FIG. 4 more specifically illustrates the interactions of the beams of light 202 within the light refraction element 216. The prism 216 initially refracts the incoming beams of light 202 by bending them because of its optical properties such as the index of refraction. Additionally, the amount of bending and refracting may be customized based on the type of prism 216 used in the system. Furthermore, the beams of light 202 from the two light sources 204 are also substantially aligned with each other by the light refraction element 216. As previously discussed, the optic axis of the light beam 202 a from the top light source 204 a passes through the aperture 208 substantially along a first direction 203 a, whereas the optic axis of the light beam 202 b from the bottom light source 204 b passes through the aperture 208 substantially along a second direction 203 b. After the light beams 202 are refracted by the light refraction element 216, the optic axes of the light beams 202 are no longer directed substantially along a first or second direction but are now substantially aligned with each other. In other words, although light beams 202 initially passing through the aperture 208 are directed substantially along a first or second direction along with some divergent rays of light, when these light beams 202 encounter the light refraction element 216, their optical axes (upon exiting the light refraction element 216) of these once-refracted light beams 218 are redirected to proceed substantially in parallel (horizontally from left to right as shown in the present example figure). Subsequently, as these once-refracted light beams 218 exit the prism 216, they become twice-refracted beams of light 220 and are further substantially aligned in parallel with each other. Consequently, the light refraction element 216 not only refracts the beams of light 202, it also substantially aligns the optic axes 203 of the two light sources 204 with each other by bending or refracting the beams of light 202.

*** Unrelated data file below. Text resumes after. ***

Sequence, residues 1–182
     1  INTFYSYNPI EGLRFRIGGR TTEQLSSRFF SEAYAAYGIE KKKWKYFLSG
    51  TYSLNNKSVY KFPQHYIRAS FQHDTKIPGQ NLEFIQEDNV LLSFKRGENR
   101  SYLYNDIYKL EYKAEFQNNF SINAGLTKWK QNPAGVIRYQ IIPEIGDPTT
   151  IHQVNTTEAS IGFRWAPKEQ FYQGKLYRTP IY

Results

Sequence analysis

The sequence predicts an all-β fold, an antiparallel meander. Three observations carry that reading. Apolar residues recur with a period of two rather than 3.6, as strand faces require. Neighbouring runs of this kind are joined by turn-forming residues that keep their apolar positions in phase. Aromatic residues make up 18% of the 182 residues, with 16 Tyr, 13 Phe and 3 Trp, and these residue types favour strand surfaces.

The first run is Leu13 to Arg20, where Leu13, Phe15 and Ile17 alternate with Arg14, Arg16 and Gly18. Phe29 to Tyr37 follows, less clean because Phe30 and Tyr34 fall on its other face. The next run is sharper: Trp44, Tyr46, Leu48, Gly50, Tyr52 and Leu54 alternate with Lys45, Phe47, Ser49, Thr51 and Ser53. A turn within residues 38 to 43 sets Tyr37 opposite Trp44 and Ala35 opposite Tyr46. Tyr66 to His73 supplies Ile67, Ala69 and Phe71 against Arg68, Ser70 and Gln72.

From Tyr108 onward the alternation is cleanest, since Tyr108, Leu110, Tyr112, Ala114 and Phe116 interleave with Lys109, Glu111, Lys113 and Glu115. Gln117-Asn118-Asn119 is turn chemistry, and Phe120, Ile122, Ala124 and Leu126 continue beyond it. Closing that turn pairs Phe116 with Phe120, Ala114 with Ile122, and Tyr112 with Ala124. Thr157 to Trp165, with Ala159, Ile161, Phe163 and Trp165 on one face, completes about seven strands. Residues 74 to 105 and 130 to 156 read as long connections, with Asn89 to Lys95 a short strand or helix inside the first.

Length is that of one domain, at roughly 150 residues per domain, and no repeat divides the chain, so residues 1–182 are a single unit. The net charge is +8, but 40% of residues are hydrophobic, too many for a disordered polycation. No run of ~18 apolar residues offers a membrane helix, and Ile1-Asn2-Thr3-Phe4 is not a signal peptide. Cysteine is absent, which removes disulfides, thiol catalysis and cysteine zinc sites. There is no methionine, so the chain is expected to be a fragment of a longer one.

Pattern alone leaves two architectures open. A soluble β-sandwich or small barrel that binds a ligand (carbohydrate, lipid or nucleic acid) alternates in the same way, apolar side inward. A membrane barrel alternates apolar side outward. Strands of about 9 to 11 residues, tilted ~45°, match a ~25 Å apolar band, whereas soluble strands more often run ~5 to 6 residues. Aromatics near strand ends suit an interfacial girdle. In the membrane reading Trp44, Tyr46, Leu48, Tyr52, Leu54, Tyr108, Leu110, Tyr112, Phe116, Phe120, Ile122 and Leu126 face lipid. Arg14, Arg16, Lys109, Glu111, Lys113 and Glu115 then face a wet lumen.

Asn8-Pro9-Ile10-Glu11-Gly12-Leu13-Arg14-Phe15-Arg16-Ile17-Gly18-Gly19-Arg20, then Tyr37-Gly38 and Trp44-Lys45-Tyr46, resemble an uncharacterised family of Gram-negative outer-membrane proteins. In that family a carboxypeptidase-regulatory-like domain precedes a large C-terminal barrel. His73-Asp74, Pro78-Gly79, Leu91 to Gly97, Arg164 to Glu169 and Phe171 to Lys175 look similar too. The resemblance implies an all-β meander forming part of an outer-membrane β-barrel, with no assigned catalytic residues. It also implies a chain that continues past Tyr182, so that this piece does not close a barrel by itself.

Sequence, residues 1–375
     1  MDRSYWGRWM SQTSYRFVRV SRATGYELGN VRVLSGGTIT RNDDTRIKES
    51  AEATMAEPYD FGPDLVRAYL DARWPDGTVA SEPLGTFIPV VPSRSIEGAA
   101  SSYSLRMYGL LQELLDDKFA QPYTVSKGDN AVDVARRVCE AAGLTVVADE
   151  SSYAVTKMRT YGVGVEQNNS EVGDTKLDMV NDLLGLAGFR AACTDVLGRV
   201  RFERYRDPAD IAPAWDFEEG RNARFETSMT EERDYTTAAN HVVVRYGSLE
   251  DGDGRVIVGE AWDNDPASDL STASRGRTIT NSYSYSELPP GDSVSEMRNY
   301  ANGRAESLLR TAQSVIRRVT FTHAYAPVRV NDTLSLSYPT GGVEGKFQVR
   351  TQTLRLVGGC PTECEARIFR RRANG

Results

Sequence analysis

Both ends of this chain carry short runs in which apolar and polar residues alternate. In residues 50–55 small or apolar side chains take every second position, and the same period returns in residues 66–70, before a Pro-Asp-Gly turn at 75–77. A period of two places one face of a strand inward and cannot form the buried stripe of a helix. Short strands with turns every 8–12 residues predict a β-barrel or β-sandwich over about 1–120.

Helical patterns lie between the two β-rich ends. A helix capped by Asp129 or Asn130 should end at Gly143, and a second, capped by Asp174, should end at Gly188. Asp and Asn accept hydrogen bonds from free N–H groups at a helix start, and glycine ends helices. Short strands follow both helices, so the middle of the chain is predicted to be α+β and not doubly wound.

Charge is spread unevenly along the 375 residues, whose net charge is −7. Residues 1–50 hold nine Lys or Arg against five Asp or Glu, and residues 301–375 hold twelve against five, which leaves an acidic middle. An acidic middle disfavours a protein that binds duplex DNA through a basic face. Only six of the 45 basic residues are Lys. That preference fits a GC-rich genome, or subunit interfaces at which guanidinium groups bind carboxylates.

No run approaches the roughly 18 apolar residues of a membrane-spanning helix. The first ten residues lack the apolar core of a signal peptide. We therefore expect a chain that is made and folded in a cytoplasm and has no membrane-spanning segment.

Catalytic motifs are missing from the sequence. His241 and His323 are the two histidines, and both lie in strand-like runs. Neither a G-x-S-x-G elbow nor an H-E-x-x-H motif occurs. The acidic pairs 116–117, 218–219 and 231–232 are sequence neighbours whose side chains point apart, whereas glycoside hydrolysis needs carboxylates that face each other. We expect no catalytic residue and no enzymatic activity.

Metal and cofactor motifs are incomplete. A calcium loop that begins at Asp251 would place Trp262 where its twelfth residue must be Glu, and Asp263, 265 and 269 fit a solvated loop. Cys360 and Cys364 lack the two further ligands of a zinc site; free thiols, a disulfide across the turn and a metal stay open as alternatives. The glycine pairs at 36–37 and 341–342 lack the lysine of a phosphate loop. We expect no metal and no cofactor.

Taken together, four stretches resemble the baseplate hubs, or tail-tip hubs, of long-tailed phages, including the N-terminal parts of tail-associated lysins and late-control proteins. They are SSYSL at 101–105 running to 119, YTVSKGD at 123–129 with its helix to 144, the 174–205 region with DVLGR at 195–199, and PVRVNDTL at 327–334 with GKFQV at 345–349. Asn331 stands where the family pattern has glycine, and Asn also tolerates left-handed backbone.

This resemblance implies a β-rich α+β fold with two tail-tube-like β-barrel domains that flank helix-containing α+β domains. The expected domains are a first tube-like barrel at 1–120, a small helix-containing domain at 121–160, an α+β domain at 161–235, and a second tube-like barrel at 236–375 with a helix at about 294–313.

Referring now to FIG. 5, which illustrates the interactions of the twice-refracted beams of light 220 within a housing 210 of the presently disclosed embodiment. As the twice-refracted beams of light 220 are projected down the housing 210, they become substantially homogenized or blended together. In one embodiment, the housing 210 may be an integrating rod. The integrating rod 210 may be made of a solid optical glass material 222 such as BK7 or fused silica, or it may be hollow (air or vacuum) 224 and coated with an optically reflective material 226. In another embodiment, the housing 210 may be an optic fiber. Although the integrating rod 210 appears cylindrical as shown, it may take on a variety of geometric or polygonal shapes and sizes such as cones or spheres. In another embodiment, the integrating rod 210 may also be partially hollow 224 and partially solid 222. As previously mentioned, the optical axes of the twice-refracted beams 220 enter the integrating rod 210 traveling substantially in parallel to each other. But since each beam has a certain angle of divergence, each of the beams also has light that in free space would continue diverging from the main optical axes. To contain these diverging beam components and to ultimately blend them as the twice-refracted beams 220 propagate through the integrating rod 210, the diverging light energy is either reflected by an internal reflective coating 226 within the hollow 224 or partially hollow 224 integrating rod 210 or contained by total internal reflection (TIR) effects within a solid optical rod 210. The random reflections occurring over a sufficiently long integrating rod 210 ultimately cause the light exiting the rod 228 to be substantially homogenized. Consequently, the twice-refracted light beams 220 will be substantially combined and confined by the housing 210 and become uniformly blended as homogenized mixed light 228 whether the integrating rod 210 is solid or hollow.